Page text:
4 more liquid. ETF liquidity should be considered with respect to both the ETF and the underlying securities the ETF holds. Highly liquid ETFs and ETFs that have highly liquid underlying securities (even if the ETF does not have high trading volumes) typically have narrower bid/ask spreads than ETFs that trade less or hold less liquid securities. BID/ASK SPREAD: When buying or selling ETFs on the secondary market, there is typically a difference between the highest price a buyer is willing to pay for the ETF (the bid ), and the lowest price a seller will accept to sell the ETF (the ask ). As a result, an investor will typically buy an ETF for slightly over market price and sell for lightly less. Bid/ask spreads are typically lower for larger ETFs and those that are highly liquid. 9. I READ THE FOLLOWING ABOUT ETFS. ARE THEY ACCURATE? ETFS ARE TAX EFFICIENT. ETFs are often described as more tax efficient than managed funds. While this is not a hard and fast rule, two tax-efficient mechanisms, available to all types of funds, are commonly employed by ETFs: low portfolio turnover strategies and in-kind redemptions. ETFs that do not use these mechanisms may not be more tax efficient than other funds, and in fact may be less tax efficient than managed funds that do use them. It is important to note that while these strategies can reduce capital gains distributions to investors while they are holding the ETF, investors ultimately pay taxes on any capital gains when they sell their ETF holding. Thus, these strategies may enable tax efficiency, but not tax avoidance. ETFS ARE LESS EXPENSIVE THAN MANAGED FUNDS. Like managed funds, ETFs charge fees to cover operating expenses, such as investment management and administration fees, among other things. These fees are set out in the fund s PDS, expressed as a percentage of fund assets paid annually. This percentage is commonly called a Management Expense Ratio or MER. ETFs typically have lower MERs than comparable retail managed funds. However, an investor should also consider other costs associated with ETFs, which may not apply to managed funds, such as brokerage commissions. There are also indirect costs, including those stemming from the bid/ask spread and any premium/discount volatility. SOME ETFS ARE NOT SUITABLE FOR BUY-AND-HOLD INVESTORS. ETFs are available in a wide range of strategies. Some ETFs are complex, may be more appropriate for sophisticated investment approaches, and may not be suitable for buyand-hold investors for example, those that use derivatives significantly. As with any financial product, an investor should understand the objectives and risks associated with an ETF before investing. Investors are encouraged to read the ETF s PDS for additional information on the fund s objectives and risks. Professional financial advisers can also help educate investors about the appropriate use of ETFs and other financial products. Professional tax advisers can help educate investors about the tax implications of investing in ETFs. 4

5 ADDITIONAL INFORMATION CREATION AND REDEMPTION OF ETF UNITS: ETF units are created and redeemed by an entity known as an authorised participant, or AP, which is typically a large investment broker. Each business day, the ETF publishes a creation basket a list of names and quantities of securities or other assets held by the ETF. To create ETF units, an AP provides the creation basket to the ETF, and receives in return a large block of ETF units (typically 50,000 or 100,000 units). Under certain circumstances, the AP may provide cash in lieu of some or all of the securities in the creation basket, and pay a transaction fee to offset the cost to the ETF of acquiring the securities. Upon receiving the ETF units, the AP may sell some or all of them in the secondary market. A creation basket is liquidated when an AP returns the specified number of units in the ETF, in exchange for the daily redemption basket, (a set of specific securities and other assets contained within the ETF s portfolio), cash, or both. The composition of the redemption basket typically mirrors that of the creation basket. If the AP receives cash in lieu of securities, it will pay a transaction fee to offset the cost to the ETF of liquidating the securities. The creation and redemption mechanisms help ETFs to trade at a price close to the market value of the underlying assets. When ETFs begin to trade at a price that is higher than the market value of their underlying assets (at a premium ), APs may find it profitable to create ETF units by buying the underlying securities and exchanging them for ETF units, and then sell those units into the market. Similarly, when an ETF begins to trade at a price lower than the market value of their underlying assets (at a discount ), APs may find it profitable to buy ETF units in the secondary market and redeem them to the ETF in exchange for the underlying securities. These actions by APs, commonly described as arbitrage opportunities, help to keep the market-determined price of the ETF close to the market value of the underlying assets. SOURCES OF TAX EFFICIENCY IN ETFS: ETFs are often described as more tax efficient than managed funds. While this is not a hard and fast rule, two tax-efficient mechanisms, available to all types of funds, are commonly employed by ETFs: low portfolio turnover strategies and in-kind redemptions. ETFs that do not use these mechanisms may not be more tax-efficient than other funds, and in fact may be less tax-efficient than managed funds that do use them. It is important to note that while these strategies reduce capital gains distributions to investors while they are holding the ETF, investors ultimately pay taxes on any capital gains when they sell their ETF holding. Thus, these strategies enable tax efficiency, but not tax avoidance: LOW PORTFOLIO TURNOVER STRATEGIES: The sale of portfolio securities by a fund may trigger capital gains distributions to investors. Therefore, funds that experience lower portfolio turnover are generally more tax-efficient than those that buy and sell securities regularly. ETFs generally have lower portfolio turnover than actively managed strategies. This is not always the case, however; some indices rebalance frequently, and some active managers limit portfolio turnover to minimise capital gains distributions. Additionally, as most trading of ETFs occur on the secondary market, rather than directly with the ETF, the frequency with which the ETF needs to sell portfolio securities to account for redemptions is reduced. Managed funds that do not experience regular net outflows (outflows in excess of corresponding inflows) may also limit the sale of portfolio securities to meet redemptions. IN-KIND REDEMPTIONS: Many ETFs require authorised participants to create and redeem units in kind that is, to exchange ETF units for a basket of securities, rather than cash. This allows the ETF to avoid selling securities to raise cash to meet redemptions, and helps limit capital gains distributions. Other types of investment products, including managed funds, may also use tax-efficient strategies to reduce capital gains, but the ETF structure encourages their use. For more information on ETFs, please visit 5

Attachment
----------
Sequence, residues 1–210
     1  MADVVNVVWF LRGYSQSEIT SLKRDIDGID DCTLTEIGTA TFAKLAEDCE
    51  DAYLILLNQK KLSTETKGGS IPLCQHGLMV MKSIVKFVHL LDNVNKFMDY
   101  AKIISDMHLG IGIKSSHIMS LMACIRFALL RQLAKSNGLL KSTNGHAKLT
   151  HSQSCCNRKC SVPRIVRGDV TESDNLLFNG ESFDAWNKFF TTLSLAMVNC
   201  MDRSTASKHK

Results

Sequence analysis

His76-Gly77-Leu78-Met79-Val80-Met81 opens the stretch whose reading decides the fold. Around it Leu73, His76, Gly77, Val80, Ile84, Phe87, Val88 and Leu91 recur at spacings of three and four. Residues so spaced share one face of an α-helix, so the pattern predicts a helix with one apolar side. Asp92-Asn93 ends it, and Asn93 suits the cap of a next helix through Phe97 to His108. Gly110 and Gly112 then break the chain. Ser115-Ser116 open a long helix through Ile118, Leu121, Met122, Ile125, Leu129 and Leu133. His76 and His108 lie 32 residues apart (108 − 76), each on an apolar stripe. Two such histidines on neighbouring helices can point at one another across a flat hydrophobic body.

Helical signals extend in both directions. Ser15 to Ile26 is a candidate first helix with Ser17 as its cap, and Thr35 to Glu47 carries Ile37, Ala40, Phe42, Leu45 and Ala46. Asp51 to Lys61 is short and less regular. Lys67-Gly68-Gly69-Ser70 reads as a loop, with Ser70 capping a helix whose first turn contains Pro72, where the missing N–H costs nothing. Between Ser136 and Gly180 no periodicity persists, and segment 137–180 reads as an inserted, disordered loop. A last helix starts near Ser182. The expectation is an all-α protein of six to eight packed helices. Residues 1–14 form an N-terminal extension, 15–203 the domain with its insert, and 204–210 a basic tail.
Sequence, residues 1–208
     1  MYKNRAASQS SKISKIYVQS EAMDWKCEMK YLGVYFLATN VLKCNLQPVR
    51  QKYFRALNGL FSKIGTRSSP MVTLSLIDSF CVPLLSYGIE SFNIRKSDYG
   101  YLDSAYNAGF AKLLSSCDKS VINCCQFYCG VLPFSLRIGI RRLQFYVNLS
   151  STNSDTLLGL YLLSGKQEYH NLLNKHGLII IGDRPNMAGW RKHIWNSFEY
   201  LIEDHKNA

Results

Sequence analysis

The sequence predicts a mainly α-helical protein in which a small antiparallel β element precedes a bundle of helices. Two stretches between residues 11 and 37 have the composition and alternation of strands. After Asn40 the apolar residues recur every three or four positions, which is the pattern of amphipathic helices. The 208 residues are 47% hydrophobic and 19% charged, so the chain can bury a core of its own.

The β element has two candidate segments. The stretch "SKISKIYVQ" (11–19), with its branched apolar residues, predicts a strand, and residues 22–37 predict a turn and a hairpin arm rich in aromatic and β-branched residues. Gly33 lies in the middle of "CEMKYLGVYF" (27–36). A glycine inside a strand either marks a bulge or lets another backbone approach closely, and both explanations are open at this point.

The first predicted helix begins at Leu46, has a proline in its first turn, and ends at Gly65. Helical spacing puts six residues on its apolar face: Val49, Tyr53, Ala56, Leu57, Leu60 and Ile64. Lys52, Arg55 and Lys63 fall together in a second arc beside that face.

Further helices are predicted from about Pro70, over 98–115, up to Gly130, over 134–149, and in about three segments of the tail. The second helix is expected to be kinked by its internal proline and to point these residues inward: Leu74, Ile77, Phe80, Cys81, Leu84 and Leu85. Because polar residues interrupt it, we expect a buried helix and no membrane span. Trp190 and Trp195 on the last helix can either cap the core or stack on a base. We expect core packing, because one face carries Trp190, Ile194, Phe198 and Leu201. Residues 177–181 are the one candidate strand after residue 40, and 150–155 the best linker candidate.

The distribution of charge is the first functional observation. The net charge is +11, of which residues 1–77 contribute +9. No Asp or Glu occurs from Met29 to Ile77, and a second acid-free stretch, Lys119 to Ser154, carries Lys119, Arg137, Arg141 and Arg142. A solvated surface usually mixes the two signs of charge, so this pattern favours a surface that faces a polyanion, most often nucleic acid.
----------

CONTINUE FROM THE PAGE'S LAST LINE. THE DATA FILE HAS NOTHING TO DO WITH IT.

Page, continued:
6 ABOUT SPDR ETFS Offered by State Street Global Advisors, SPDR ETFs are a family of ETFs that provide investors with the flexibility to select investments that are precisely aligned to their investment strategy. Recognised as an industry pioneer, State Street Global Advisors created the first ever ETF in 1993 the SPDR S&P 500, which is currently the world s largest ETF. 1 In 2001, SSgA introduced ETFs in Australia when it launched the SPDR S&P/ASX 200 Fund and the SPDR S&P/ASX 50 Fund. Currently, State Street Global Advisors manages approximately US$352 billion of ETF assets worldwide. 2 For more information about our ETFs or how to invest, please call or STATE STREET GLOBAL ADVISORS AUSTRALIA LIMITED Level 17, 420 George Street Sydney, NSW Bloomberg, as of 31 March As of 31 March This AUM includes the assets of the SPDR Gold Trust (approx. US$62.7 billion as of 31 March 2013), for which State Street Global Markets, LLC, an affiliate of State Street Global Advisors serves as the marketing agent. FOR PUBLIC USE State Street Global Advisors, Australia, Limited (ABN ) ( SSgA Australia ) is the holder of an Australian Financial Services Licence ( AFSL ) number SSgA Australia s Responsible Entity is State Street Global Advisors, Australia Services Limited (ABN ) (AFSL number ) ( SSgA, ASL ) Registered office: Level 17, 420 George Street, Sydney, NSW 2000, Australia Telephone: Facsimile: Web: No company in the State Street Corporation group of companies, including SSgA Australia, State Street Bank and Trust Company, SSgA, ASL and State Street Australia Ltd (ABN ) guarantees the performance of the Fund or the repayment of capital or any particular rate of return, or makes any representation with respect to income or other taxation consequences of any investment in a Fund. The information in this document is general information only and does not take into account your individual objectives, financial situation or particular needs. You should seek professional advice addressing your particular investment needs, objectives and financial circumstances before making an investment decision. ETFs trade like stocks, are subject to investment risk, fluctuate in market value and may trade at prices above or below the ETFs net asset value. Brokerage commissions and ETF expenses will reduce returns. SPDR is a trademark of Standard & Poor s Financial Services LLC ( S&P ) and has been licensed for use by State Street Corporation. STANDARD & POOR S, S&P, SPDR and S&P 500 have been registered in many countries as trademarks of Standard & Poor s Financial Services LLC and have been licensed for use by State Street Corporation. No financial product offered by State Street Corporation or its affiliates is sponsored, endorsed, sold or promoted by S&P or its affiliates, and S&P and its affiliates make no representation, warranty or condition regarding the advisability of buying, selling or holding units/shares in such products. Further limitations and important information that could affect investors rights are described in the Product Disclosure Statement for the applicable product. Standard & Poor s S&P Indices are trademarks of Standard & Poor s Financial Services LLC State Street Corporation All rights reserved. ID2562. IBGAP